Scottish National Party projected to fall short of majority

WION Web Team
New Delhi Published: May 08, 2021, 11:20 PM(IST)

Scotland's First Minister Nicola Sturgeon reacts as she attends the First Minister's Questions session at the Scottish Parliament in Holyrood, Edinburgh on November 26, 2020 Photograph:( AFP )

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SNP is going towards fourth successive term in power but to claim majority, it would need 65 out of 129 seats

Scottish National Party (SNP) on Saturday appeared likely to fall short of gaining absolute majority in the devolved parliament. The SNP strongly favours a fresh Scottiosh independence referendum. The plan has been termed reckless by UK PM Boris Johnson.

The UK voted in local and regional elections on "Super Thursday" in its first major polls since Brexit and the pandemic. The count is much slower than usual due to virus safety measures.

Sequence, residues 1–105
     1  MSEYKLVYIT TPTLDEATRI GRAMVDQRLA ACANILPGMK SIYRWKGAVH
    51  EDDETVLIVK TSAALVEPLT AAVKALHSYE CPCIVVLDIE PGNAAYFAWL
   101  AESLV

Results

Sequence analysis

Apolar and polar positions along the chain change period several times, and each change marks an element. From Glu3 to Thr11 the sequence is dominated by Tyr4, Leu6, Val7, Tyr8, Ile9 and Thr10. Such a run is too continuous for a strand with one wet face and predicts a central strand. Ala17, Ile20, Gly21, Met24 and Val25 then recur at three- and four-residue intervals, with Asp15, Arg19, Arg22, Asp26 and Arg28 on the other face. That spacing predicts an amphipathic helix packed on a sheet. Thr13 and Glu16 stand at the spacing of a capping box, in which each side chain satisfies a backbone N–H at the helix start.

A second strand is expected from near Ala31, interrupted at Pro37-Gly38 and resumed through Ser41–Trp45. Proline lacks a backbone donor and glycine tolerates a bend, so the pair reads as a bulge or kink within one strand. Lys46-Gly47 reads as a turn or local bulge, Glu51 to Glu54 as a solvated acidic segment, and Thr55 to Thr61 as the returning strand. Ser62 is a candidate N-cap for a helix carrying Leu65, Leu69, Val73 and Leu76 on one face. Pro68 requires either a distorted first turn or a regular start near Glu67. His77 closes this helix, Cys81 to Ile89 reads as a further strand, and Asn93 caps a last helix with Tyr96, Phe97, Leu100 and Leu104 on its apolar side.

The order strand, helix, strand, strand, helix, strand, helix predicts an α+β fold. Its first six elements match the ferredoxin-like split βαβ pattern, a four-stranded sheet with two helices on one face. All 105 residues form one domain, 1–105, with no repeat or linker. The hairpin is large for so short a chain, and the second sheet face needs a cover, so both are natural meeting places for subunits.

Johnson's Conservative Party has performed strongly in England, outdoing Labour in its traditional heartlands and taking control of northeastern Hartlepool in a key parliamentary by-election.

Labour held onto power in the Senedd Cymru devolved parliament in Wales and also won several high-profile mayoral races.

However, the focus remained on Scotland. where a vote for the devolved parliament in Edinburgh saw the ruling SNP seek a parliamentary majority as a mandate for a fresh referendum on independence, or "indyref2", that could reshape the UK.

SNP has so far won 60 of the 71 declared seats. However, it has had to concede defeat on several target seats. The BBC has projected that SNP would get 63 seats in total.

Scottish National Party leader Nicola Sturgeon said Saturday the devolved parliament would undoubtedly have a majority of members who back independence from the United Kingdom following elections.

SNP is going towards fourth successive term in power but to claim majority, it would need 65 out of 129 seats.

Scots vote twice, once for a constituency MSP and once for a party, with those votes allocated regionally. 

The proportional representation system is designed to prevent a single party like the SNP dominating.

(With inputs from agencies)
 

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